October 20, 2020

Volume X, Number 294

October 19, 2020

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Federal Reserve Clarifies that Distributions to Tribal Governments are Permitted Under the Main Street Lending Program

On July 15, 2020, the Federal Reserve Bank of Boston issued new guidance expressly permitting tribal businesses that are borrowers under the Main Street Lending Program (“MSLP”) to pay dividends to their tribal government owners.  In its amended Frequently Asked Questions (the “July 15th FAQs”), available here, the Federal Reserve announced that the Treasury Secretary exercised his authority under the CARES Act to waive the prohibition against the payment of dividends in the MSLP, permitting tribal businesses that are wholly or majority-owned by one or more tribal governments to make distributions to their tribal government owners.  See July 15th FAQ H.15 and H.2.  Tribal businesses and organizations seeking financial relief and Lenders seeking to extend credit under the MSLP have advocated for this important clarification so that tribal businesses may gain access to much-needed capital during the economic strain of the COVID-19 pandemic.  For example, Sheppard Mullin sought this important clarification with respect to tribal distributions in comments it submitted to the Federal Reserve on April 16, 2020.

The July 15th FAQs also clarified that tribal businesses that generate legal gambling revenue are eligible as borrowers under the MSLP if they otherwise qualify as eligible borrowers under the MSLP rules.  See July 15th FAQ E.1.  Prior guidance had referred to Small Business Administration (“SBA”) rules issued on or before April 24, 2020, but also cross-referenced interim rule 85 Fed. Reg. 23450 published in the Federal Register on April 28, 2020.  This discrepancy created ambiguity for tribal gaming businesses and lenders.  The July 15th FAQs expressly clarify that the relevant SBA rule permitting legal gambling businesses to be borrowers was released by the SBA on April 24, 2020, and permits such tribal businesses to borrow under the MSLP.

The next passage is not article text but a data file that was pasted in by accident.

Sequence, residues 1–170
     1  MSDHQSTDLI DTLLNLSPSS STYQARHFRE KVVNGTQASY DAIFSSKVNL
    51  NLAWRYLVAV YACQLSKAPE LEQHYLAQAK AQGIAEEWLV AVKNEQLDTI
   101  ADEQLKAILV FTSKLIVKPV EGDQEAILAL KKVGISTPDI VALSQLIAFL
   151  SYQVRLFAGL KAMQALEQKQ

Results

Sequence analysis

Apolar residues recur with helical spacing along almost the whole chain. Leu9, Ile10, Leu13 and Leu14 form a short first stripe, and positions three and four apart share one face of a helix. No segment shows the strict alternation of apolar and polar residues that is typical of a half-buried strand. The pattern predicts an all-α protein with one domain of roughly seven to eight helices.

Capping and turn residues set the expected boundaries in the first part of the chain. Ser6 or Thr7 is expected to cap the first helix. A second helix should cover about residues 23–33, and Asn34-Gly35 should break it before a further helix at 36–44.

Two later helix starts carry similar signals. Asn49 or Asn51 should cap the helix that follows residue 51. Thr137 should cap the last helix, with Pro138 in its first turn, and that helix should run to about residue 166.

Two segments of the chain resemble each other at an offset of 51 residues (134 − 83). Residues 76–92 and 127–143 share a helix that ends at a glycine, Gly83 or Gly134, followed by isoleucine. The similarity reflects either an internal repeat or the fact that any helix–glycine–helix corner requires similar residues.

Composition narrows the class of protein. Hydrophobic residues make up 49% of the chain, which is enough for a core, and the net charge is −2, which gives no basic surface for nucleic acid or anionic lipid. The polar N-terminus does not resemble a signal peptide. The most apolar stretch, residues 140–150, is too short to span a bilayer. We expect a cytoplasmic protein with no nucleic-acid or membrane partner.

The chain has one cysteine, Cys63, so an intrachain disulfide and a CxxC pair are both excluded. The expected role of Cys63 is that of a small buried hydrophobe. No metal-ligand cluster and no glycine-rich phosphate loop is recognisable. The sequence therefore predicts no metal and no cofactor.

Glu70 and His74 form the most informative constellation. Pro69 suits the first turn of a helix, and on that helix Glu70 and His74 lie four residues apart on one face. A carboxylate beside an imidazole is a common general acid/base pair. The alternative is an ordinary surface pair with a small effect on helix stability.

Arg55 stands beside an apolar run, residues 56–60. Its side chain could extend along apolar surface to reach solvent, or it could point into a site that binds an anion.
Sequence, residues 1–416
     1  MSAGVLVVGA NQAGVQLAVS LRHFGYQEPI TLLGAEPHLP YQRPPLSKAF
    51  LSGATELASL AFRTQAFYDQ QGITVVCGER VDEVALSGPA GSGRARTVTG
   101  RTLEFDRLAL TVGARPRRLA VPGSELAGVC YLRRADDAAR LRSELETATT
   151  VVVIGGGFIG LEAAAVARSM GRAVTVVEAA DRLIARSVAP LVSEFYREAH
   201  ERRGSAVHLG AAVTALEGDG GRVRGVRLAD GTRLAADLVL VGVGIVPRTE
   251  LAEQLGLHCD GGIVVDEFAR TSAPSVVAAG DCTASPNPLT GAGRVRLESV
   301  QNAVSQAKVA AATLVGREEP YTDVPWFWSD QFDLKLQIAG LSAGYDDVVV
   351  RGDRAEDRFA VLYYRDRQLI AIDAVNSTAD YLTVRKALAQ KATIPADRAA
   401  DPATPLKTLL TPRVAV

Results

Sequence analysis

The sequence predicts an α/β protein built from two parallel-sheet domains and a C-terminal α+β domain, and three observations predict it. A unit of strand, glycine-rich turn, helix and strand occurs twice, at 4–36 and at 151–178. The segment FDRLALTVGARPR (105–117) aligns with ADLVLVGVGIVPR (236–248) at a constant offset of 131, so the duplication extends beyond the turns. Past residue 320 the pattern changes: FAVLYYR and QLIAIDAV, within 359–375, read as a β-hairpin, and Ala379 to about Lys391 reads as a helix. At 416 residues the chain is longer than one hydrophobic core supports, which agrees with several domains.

The amended guidance also provides that a tribal business concern borrowing under the MSLP must be a separate and distinct legal entity from a tribal government and must be organized or chartered by a tribe, a Federal or a state authority.  The guidance further instructs lenders under the MSLP to ensure that such a tribal business concern borrowing under the MSLP has effectively waived its sovereign immunity with respect to the loan transaction.  See July 15th FAQ E.2.

Today’s guidance is a critical step in providing tribal businesses essential access to economic relief.  We expect that tribal governments will continue their dialogue with the Treasury Department to develop and provide much-needed federal lending programs that will allow tribal governments direct access to capital.

Copyright © 2020, Sheppard Mullin Richter & Hampton LLP.National Law Review, Volume X, Number 198


About this Author

Christine L. Swanick, Finance, Bankruptcy, Attorney, Sheppard Mullin, law firm

Christine Swanick is a partner in the Finance and Bankruptcy practice group in the firm's New York office.

Ms. Swanick concentrates her practice in the area of commercial financing and other credit transactions, including commercial loans, letter of credit facilities, syndicated credit facilities and note and bond financings, especially in the area of tribal-related financing projects. Additionally, Ms. Swanick advises on restructuring of tribal debt. She also represents tribes and entities doing business with tribes in contractual...

Wilda Wahpepah, Finance, Bankrupcty Attorney, Sheppard Mullin, law firm
Special Counsel

Wilda Wahpepah is a special counsel in the Finance & Bankruptcy Practice Group in the firm's Washington, D.C. office.

Ms. Wahpepah represents tribal governments, businesses and entities doing business with tribes across the country. Her areas of emphasis include regulatory counseling and advice related to tribal jurisdiction and governmental matters, gaming, finance and business development, natural resources and environmental law. Ms. Wahpepah represents tribal governments in state, federal, and tribal courts. She is an enrolled member of the Winnebago Tribe of Nebraska.